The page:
What is somatic tinnitus? Causes, treatments, and coping strategies
For many, movement in the body can trigger or worsen ear ringing
When most people think of tinnitus, they think “high-pitched ringing in the ears,” but the noises and individual experiences vary wildly from person to person.
In my experience as a tinnitus coach, I’ve worked with patients who have heard every type of sound (and combinations of sounds) that you can imagine. Buzzing, whooshing, roaring, hissing, clicking, and musical notes are all common tinnitus sounds that can be perceived as being in one or both ears, in the head, or around the head. There are also a variety of different subtypes of tinnitus.
What is somatic tinnitus?
One of the most common types of tinnitus (and the type of tinnitus I’ve had for the last 13 years) is known as somatic tinnitus or somatosensory tinnitus. It’s characterized by hearing sounds that are connected to movement and body position.
If you have tinnitus and the sound changes in some way when you tense, manipulate, or apply pressure to the muscles in your face, head, jaw, or neck then you likely have somatic tinnitus.
The good news is that there are many coping strategies and treatments that are uniquely helpful for somatic tinnitus patients, and there is also nothing about somatic tinnitus that would ultimately prevent you from finding lasting relief through habituation.
What causes it?
It is still unclear exactly what causes somatic tinnitus, but it is commonly believed to be caused by the interaction between the auditory system and sensory signals emanating from the muscles, joints, and nerves of the head and neck.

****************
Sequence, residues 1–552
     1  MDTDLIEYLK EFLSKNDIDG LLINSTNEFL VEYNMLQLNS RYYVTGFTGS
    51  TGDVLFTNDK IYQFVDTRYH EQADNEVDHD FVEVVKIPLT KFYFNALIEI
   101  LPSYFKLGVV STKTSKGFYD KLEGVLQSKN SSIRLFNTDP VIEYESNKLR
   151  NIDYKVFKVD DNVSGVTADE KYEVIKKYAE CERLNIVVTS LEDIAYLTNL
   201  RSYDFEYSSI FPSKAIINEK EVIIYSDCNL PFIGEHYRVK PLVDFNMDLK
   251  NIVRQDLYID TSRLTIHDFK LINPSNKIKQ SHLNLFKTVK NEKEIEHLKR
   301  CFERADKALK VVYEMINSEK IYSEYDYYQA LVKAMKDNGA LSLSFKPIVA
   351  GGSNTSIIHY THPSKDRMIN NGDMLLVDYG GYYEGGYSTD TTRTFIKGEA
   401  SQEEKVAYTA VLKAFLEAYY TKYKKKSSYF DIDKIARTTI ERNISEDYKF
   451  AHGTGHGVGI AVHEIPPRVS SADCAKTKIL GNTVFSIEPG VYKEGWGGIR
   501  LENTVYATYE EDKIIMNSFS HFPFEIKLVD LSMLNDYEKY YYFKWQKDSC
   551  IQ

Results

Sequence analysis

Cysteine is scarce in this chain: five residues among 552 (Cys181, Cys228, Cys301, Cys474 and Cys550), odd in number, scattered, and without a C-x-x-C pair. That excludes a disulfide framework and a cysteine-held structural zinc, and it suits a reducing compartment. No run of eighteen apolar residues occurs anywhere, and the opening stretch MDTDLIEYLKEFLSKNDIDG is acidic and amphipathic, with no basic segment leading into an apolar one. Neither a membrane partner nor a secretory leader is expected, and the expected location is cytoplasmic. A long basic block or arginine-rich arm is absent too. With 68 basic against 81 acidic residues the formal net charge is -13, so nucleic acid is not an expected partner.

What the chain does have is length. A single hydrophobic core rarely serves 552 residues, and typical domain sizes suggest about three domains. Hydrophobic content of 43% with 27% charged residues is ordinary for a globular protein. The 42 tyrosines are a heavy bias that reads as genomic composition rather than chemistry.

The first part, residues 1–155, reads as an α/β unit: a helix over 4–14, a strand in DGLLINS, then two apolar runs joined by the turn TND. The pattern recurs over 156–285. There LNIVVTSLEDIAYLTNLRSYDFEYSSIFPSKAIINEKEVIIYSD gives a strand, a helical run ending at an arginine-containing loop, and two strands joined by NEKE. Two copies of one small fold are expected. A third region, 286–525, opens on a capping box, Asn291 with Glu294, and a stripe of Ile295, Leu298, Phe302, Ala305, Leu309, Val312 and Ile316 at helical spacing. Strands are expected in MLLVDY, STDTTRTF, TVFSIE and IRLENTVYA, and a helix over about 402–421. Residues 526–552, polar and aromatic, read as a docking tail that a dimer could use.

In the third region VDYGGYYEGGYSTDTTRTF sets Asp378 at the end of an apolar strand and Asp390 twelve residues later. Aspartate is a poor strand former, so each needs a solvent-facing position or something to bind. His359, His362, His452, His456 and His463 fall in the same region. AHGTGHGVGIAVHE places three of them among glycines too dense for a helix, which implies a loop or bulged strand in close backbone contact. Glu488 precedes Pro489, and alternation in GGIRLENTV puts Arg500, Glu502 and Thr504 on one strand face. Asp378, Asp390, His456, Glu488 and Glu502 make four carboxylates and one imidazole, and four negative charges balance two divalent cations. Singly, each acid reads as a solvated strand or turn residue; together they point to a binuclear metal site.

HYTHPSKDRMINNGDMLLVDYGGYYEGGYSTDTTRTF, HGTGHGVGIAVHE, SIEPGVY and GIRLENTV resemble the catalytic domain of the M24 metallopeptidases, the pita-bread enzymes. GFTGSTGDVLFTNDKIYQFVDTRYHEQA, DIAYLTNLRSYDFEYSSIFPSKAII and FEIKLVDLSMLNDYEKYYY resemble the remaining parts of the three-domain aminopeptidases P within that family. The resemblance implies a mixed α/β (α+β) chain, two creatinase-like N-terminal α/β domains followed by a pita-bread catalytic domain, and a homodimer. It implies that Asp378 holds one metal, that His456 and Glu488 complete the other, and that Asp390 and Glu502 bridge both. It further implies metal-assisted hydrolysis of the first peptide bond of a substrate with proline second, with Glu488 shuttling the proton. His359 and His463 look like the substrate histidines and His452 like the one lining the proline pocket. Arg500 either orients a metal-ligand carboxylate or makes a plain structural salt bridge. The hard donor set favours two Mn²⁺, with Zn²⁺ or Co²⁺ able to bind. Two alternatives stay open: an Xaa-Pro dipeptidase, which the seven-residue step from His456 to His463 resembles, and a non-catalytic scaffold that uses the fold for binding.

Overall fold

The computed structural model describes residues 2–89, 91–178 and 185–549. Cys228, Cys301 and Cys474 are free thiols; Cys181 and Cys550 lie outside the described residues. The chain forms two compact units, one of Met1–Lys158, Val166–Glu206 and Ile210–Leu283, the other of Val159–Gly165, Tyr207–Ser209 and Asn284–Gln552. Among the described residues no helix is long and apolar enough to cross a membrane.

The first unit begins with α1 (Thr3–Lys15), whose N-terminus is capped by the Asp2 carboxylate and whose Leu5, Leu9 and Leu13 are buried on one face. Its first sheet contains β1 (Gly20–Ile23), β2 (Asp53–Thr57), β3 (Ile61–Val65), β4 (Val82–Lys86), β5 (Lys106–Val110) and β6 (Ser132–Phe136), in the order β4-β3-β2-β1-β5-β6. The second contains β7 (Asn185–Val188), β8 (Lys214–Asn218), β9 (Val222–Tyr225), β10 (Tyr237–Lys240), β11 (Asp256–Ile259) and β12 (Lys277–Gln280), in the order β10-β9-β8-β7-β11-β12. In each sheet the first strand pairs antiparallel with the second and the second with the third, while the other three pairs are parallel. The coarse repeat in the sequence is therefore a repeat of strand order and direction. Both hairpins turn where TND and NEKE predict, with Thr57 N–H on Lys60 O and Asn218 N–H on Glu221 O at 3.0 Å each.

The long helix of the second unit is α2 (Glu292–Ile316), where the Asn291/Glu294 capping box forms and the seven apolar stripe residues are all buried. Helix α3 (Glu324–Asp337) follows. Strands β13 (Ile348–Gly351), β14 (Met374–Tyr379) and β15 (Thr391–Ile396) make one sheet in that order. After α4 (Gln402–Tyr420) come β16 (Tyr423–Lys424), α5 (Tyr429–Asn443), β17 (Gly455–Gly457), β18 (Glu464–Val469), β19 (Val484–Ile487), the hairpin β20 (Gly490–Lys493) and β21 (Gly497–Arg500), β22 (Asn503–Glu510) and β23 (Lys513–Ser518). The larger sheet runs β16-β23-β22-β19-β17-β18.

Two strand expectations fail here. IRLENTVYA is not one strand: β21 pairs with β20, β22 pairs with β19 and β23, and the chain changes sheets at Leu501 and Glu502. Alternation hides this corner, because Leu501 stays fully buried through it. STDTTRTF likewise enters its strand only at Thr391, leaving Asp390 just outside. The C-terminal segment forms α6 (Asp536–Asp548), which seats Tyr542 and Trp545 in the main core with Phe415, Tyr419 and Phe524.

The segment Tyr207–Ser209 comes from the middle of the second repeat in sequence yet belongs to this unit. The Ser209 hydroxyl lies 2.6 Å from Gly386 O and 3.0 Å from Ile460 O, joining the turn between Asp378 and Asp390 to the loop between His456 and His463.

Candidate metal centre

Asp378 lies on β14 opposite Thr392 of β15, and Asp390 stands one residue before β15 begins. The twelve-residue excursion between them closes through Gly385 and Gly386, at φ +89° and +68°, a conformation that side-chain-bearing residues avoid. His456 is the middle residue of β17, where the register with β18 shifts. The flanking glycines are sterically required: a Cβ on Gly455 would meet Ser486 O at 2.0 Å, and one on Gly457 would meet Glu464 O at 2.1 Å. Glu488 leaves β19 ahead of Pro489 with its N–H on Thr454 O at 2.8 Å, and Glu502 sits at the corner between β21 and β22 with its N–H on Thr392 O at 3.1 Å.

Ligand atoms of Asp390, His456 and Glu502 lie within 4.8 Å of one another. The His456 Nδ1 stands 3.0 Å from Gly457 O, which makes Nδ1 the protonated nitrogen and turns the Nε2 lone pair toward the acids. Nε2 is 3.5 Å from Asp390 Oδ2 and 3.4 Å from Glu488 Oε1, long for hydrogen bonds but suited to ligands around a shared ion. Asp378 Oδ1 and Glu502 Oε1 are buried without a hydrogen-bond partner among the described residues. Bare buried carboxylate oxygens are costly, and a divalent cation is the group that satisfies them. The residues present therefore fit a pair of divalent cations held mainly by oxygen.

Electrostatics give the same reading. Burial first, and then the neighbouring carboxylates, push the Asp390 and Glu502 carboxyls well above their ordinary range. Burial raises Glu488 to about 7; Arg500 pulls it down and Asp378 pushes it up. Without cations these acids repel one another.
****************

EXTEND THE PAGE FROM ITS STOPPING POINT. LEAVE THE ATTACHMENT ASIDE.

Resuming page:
One of the most prevalent theories for somatic tinnitus has to do with the presence of somatosensory nerves around the face, neck, and jaw that connect to a part of the brain known as the dorsal cochlear nucleus (DCN). The DCN helps you locate where sounds are coming from in your environment, and it is also one of the many regions of the brain involved in the perception of tinnitus.
Some researchers believe that the DCN may even be where tinnitus first arises in the brain. A 2012 study published in the journal Brain Research analyzed the existing research data and found evidence that supports this theory. But even if this theory is wrong, the research seems to show that the DCN is at least involved with tinnitus perception in some capacity.
The role of muscle tension
When you tense (or have tension in) the muscles of your jaw, head, face, or neck, you are manipulating and stimulating these somatosensory nerves and potentially over-stimulating the neurons in DCN.
Somatic tinnitus patients often find that certain body or facial movements and postures can affect the intensity and quality of the sound of their tinnitus. Yawning, moving the jaw, tensing the muscles of the head or neck, turning the head in specific directions, or even applying pressure to specific areas of the face are all common examples of movements that can influence a person’s experience of somatic tinnitus.
Sometimes, specific movements will cause somatic tinnitus to change for the better, sometimes for the worse.
Conditions that can cause or worsen somatic tinnitus
There are many conditions that can cause and exacerbate somatic tinnitus. And while we may not understand the exact underlying physiological or neurological mechanisms at play, effective treatment of these conditions can often lead to big improvements in tinnitus intensity.
Temporomandibular joint dysfunction/disorder (TMJ/D)
The temporomandibular joint is a ball and socket joint that connects the lower jaw to the upper skull. When there is dysfunction, misalignment, or inflammation in the joint, it can not only cause and exacerbate somatic tinnitus, but it can cause intense pain as well as other vestibular symptoms such as vertigo, fluctuating dizziness, disequilibrium, ear fullness, ear pain, and hearing loss. Interestingly, Meniere’s disease is a somewhat common misdiagnosis for severe TMJ/D.